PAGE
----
During one part of the ride Henry talked about how great it felt to fish in the marshes. There are some places where the grass stood four feet high on two sides like a tunnel. When going kayak fishing that grass can appear gigantic. If there were one blade of grass in the marsh seen moving, Henry said, one can be almost certain it was a red fish in the water going after food near the marsh floor. In the morning the light of the sunrise came through the marsh, the grass, and reflected wonderfully on the water.
Henry depicted red fish as more orange than red, and usually has one red dot but sometimes as much as six red dots. I looked over photos Henry showed me of fish he caught during some of his charter rides. With an obvious love for the ocean wildlife Henry expressed more concern and worry about the dispersants used to eliminate oil from the water than the oil spill itself. People simply didn’t know the effects of it on the marsh grasses or fish, he said. Henry also believed the oil drilling moratorium, a source of contention between the White House and oil industry lobbyists, was not good for our economy.
“I’m enjoying this ride,” Henry said. “I haven’t seen this area in a long time.”
Along the way to Grand Isle there were both unique and odd things I saw outside the car window. Near Houma, Louisiana, for example there was a small place that sold frog legs (I didn’t stop to try them). There were also marshes, and sugar cane fields that stretched out far and wide. On the highway near Port Fourchon an old, rusted pickup truck was spotted almost completely submerged in water. Finally, as we neared Grand Isle there was a sign reading ‘Louisiana Nightmare.’
At the sight of several boats, and skimmers seen operating in the area’s waters Henry became saddened and noticeably upset.
“This is it dude,” he said with a horrible sense of finality. “…this is so sad.” A helicopter seen patrolling the waters moved across from one swath of the Gulf to the other, while a Coast Guard ship was also seen conducting its own business. Further on arriving into the actual town of Grand Isle there were several signs assigning blame for the spill on BP and the federal government.
“Redfish Lane!” Henry yelled excitedly as he saw a street sign named after his favorite fish.
When we finally arrived at the Inn that I was staying at I left my luggage, and picked up my keys. Several military vehicles were parked just outside, and when we had arrived and entire bus full of clean-up crew workers walked up over a sand dune and towards the coast where I presume they were to begin their shift cleaning the coastline.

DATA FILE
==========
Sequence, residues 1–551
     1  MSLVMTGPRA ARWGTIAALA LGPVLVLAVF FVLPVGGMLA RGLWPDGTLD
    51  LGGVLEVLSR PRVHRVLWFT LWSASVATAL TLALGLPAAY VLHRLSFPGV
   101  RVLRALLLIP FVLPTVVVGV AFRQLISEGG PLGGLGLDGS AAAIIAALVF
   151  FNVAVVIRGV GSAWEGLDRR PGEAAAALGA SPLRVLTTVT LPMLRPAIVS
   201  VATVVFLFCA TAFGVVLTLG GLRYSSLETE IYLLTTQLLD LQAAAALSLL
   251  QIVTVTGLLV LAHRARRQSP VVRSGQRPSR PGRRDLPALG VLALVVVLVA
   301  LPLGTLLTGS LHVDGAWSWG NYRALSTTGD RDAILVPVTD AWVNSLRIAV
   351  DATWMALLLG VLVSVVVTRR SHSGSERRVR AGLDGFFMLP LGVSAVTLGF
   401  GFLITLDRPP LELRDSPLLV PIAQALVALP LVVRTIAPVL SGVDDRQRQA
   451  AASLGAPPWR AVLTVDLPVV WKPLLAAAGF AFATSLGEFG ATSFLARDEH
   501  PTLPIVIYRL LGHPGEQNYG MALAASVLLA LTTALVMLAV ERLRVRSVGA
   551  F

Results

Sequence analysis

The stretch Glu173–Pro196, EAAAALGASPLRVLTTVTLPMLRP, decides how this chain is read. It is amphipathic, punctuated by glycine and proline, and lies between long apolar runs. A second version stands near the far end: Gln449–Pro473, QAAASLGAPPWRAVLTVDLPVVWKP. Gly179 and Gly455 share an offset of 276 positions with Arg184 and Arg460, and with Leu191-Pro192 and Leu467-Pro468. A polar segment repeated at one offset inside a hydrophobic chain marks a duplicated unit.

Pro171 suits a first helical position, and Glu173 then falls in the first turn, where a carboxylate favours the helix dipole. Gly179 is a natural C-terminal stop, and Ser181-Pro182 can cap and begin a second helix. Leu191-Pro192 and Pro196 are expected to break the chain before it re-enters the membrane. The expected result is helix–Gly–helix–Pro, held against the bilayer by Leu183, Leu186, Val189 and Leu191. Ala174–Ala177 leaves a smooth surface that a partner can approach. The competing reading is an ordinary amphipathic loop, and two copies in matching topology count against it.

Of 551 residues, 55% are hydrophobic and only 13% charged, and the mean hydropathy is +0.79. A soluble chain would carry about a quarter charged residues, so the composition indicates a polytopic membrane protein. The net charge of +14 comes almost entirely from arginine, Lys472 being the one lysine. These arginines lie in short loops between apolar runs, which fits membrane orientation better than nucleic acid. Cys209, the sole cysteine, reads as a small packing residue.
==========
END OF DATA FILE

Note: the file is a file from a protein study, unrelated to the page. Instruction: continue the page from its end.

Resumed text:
Henry wanted to post flyers advertising the sale of a charter boat, so we headed down all the way towards the end of the island. It was there where we saw the skimmers up close and personal, as well as several BP oil cleanup workers on break. The docks seemed strange except for the presence of these clean-up crews where there would normally be fishermen returning with their catch. It was an utterly depressing sight.
After some brief grocery shopping, and picking up the local newspapers I returned to the Inn to unload my things and take a shower. It was in the high 80s and I was hot, sweaty, and in need of a nap.
Sometime after 7 pm I walked down the road to find some grub. A local restaurant was nearby called the Starfish Restaurant. I went in and ordered the seafood gumbo, burger and fries, and a large glass of orange juice. I was unbelievably hungry, and curious to try the seafood gumbo. A painting of a man sailing his ship in the ocean hung on the wall beside my table. It reminded me of John Maesfield’s poem, “Sea fever.”
It was my first time having seafood (or anything) gumbo. I found it to be absolutely delicious. While I ate I observed the people intently listening to CNN’s reporting on the oil spill response and BP’s performance in capping the leaking well. Andreson Cooper was reporting on something called the ‘static kill option.’ Patrons joked and commented on both the coverage and character of BP. But in the end one could tell they understood and appreciated the gravity and seriousness of the crisis.
Outside the seafood place a Department of Health bulletin was posted on board offering people affected by the oil spill counseling.
I headed back in the direction of the Inn to the sound of some crickets, and possibly frogs that were in small ponds near the side of the road. “Rome’s Lounge” was open with its lights flickering in the distance, so I walked in hoping to get a sense of the town’s humor and worries. It was not packed at all, and barely anyone was there. It’s a decent lounge, but perhaps since it was Monday night, I thought, it’s not going to be busy. Everyone at the bar that night asked for a Bud-Light. While I waited for my drink I read a sign at the bar:
Throw a punch
Pack your lunch
You’re going to jail.
I listened then to several men speaking with the bartender.
“This oil spill’s fuc*ed everything up,” one customer commented. They had a good sense of humor, but were impatient with what was happening, and the uncertainty of the community’s future. There was almost no reason to hope.
I finished my second round, and called it a night.
Tomorrow was another day.